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Burqas and nuns

Radicalizing women’s rights internationally

Originally published: Critical Legal Thinking by Tanya Monforte (October 19, 2017)

The recent “burqa bans” in Austria and Quebec appear to be troubling legal manifestations of the rising tide of Islamaphobia in Europe and North America. The news coverage of the bans coincided for me with a bout of reflexive angst regarding the recent publication of an article on Shari’a based reservations to CEDAW. I wrote the article years ago while working in women’s rights as a non-Muslim in Egypt and having to struggle with problems of the intersection of international law and religion. The desire to further crystallize assumptions behind my approach and articulate the politics of my position prompted this reflection.

My feminist approach aims at the perpetually shifting mark of solidarity with women across borders and in very different social and economic situations. A quixotic approach, at the junction of Islam and women’s rights, it requires supporting Muslim women who want to practice their religion in a way meaningful for them as well as solidarity with women in Muslim-majority countries or communities who want to live secular or less religiously constrained lives. Avoiding facile solutions means inhabiting a small space of resistance in which fear of being Islamaphobic cannot lead to excusing women’s oppression, while the quest for women’s empowerment cannot buttress Islamaphobia or familiar colonial tactics that may worsen concrete situations for some women.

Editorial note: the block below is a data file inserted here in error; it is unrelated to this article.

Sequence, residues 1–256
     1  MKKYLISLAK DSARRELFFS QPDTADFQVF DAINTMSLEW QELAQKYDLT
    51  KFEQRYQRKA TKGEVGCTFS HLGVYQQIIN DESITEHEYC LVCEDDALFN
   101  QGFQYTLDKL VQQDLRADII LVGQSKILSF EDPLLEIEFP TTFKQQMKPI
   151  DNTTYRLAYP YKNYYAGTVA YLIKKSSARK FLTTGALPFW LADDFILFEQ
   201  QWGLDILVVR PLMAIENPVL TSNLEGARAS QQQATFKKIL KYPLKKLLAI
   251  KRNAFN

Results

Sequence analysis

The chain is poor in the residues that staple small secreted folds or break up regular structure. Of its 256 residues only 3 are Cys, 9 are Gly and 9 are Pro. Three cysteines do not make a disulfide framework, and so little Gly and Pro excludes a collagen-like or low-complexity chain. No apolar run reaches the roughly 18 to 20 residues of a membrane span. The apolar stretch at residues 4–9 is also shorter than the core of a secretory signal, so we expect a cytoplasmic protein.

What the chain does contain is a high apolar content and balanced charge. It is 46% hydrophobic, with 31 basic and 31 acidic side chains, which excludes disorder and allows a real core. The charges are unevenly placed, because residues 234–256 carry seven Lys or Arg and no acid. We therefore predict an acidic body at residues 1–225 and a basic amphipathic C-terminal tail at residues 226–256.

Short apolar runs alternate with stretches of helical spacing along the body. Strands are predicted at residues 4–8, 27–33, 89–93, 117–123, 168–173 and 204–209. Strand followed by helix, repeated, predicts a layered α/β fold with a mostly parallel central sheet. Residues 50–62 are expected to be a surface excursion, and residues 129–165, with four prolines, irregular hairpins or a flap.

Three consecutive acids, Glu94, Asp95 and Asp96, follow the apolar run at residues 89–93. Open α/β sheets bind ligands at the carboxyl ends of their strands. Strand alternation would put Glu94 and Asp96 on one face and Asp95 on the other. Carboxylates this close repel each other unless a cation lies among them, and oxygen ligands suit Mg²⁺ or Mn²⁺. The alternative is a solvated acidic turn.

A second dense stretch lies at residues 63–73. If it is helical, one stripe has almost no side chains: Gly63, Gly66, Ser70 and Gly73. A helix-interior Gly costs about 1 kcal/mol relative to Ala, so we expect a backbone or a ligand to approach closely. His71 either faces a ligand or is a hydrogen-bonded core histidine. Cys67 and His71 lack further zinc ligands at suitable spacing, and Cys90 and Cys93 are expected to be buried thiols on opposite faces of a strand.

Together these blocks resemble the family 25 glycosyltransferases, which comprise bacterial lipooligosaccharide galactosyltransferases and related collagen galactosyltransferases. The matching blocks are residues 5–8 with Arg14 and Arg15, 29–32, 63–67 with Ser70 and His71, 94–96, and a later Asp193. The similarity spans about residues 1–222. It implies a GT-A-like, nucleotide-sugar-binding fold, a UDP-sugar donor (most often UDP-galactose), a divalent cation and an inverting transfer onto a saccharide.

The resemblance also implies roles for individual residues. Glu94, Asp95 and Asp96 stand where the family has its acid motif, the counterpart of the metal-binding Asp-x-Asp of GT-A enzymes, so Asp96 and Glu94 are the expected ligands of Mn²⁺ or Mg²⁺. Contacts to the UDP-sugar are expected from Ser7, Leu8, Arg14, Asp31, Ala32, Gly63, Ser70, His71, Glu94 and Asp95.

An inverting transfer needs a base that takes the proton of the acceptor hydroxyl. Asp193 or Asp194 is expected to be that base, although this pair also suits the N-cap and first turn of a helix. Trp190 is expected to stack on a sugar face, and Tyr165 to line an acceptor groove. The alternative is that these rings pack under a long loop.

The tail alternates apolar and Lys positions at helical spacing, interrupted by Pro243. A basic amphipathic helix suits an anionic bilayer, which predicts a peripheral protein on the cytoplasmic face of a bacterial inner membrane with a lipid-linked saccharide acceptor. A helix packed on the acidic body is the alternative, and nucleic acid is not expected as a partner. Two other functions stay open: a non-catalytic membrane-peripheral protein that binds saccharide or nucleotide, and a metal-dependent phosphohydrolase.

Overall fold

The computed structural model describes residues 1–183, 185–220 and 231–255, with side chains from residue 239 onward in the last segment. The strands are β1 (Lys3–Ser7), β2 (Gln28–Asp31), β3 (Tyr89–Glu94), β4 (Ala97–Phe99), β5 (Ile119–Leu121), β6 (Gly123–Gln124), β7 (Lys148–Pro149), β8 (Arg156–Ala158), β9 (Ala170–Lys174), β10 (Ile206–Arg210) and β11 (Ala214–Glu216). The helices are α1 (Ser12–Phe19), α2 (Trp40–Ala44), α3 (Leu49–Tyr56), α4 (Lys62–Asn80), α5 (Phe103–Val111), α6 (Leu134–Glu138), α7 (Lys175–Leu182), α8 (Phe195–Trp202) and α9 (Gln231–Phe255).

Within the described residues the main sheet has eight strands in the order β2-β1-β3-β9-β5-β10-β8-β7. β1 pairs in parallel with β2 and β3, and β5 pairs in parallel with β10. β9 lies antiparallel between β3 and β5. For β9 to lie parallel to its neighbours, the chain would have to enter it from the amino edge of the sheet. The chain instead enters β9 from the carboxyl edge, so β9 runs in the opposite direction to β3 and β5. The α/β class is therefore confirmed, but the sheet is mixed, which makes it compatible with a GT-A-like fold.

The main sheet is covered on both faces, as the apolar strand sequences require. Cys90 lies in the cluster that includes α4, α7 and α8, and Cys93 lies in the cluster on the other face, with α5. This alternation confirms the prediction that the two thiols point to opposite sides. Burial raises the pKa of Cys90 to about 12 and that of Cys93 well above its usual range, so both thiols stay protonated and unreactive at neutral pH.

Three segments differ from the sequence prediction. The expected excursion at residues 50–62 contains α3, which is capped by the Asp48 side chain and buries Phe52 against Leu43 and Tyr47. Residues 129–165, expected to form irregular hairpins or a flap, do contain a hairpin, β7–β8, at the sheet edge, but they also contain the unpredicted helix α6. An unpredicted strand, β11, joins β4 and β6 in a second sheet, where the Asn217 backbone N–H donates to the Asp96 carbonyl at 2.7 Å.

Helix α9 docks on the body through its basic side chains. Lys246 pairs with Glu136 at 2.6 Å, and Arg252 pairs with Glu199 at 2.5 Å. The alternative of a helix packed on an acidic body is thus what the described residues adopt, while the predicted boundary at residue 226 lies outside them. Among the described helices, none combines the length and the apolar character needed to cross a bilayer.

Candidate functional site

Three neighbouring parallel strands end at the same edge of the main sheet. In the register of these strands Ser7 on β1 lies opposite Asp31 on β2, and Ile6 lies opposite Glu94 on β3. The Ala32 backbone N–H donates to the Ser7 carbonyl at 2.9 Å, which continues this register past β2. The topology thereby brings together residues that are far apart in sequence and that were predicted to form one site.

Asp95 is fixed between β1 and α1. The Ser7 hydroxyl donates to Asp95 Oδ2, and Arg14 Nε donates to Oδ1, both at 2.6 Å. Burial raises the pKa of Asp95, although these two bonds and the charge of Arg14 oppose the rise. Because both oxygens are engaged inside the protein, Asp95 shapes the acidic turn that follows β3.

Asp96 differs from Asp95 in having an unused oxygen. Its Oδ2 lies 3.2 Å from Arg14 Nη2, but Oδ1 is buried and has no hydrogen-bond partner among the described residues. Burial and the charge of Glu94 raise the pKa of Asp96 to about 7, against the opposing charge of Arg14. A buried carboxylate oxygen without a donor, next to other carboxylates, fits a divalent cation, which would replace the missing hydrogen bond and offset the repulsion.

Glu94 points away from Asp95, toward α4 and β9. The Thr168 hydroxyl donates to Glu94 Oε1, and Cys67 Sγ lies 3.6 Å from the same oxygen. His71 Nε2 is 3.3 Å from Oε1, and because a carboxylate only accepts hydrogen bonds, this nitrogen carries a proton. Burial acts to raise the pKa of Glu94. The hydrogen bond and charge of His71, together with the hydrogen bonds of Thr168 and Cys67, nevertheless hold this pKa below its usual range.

I propose seven considerations not only on the burqa ban, but also on the larger question of engaging in women’s rights internationally. This critical approach is theoretically eclectic and consciously reflexive. While not necessarily original, these points may perhaps be useful when trying to navigate the complicated problems that arise from the intersection of international law, women’s rights and religion.

1.

We cannot misconstrue women’s oppression as a phenomenon of any particular culture. Patriarchy remains a formidable force worldwide. Despite the different forms, social contexts or religious expressions they take, the exploitation and the oppression of women persist. We should be skeptical of any political or women’s rights agenda that singles out Islamic forms of oppression while overlooking other religious practices as private acts and “personal choice.” When women are forced to wear the niqab, it destroys the semblance of agency based on the objectification of women. However, is it the same if women choose to wear the niqab? Are women in insular Christian or Jewish communities who observe obligations to dress modestly or “femininely” treated differently from Muslim women? Questions of choice and religion are fraught within a global feminist legal framework partly because it is difficult to consider context while using general, universalizable rules. If we are troubled by women’s objectification rather than their choice to be or not be objectified, then we need to assess familiar practices with the same critical eye as “exotic” forms. Agency must matter, but if we champion choice alone, we risk legitimating patriarchal and oppressive practices. We need an eclectic feminist lens that allows us to examine choice and objectification, and to see fluidity and structure.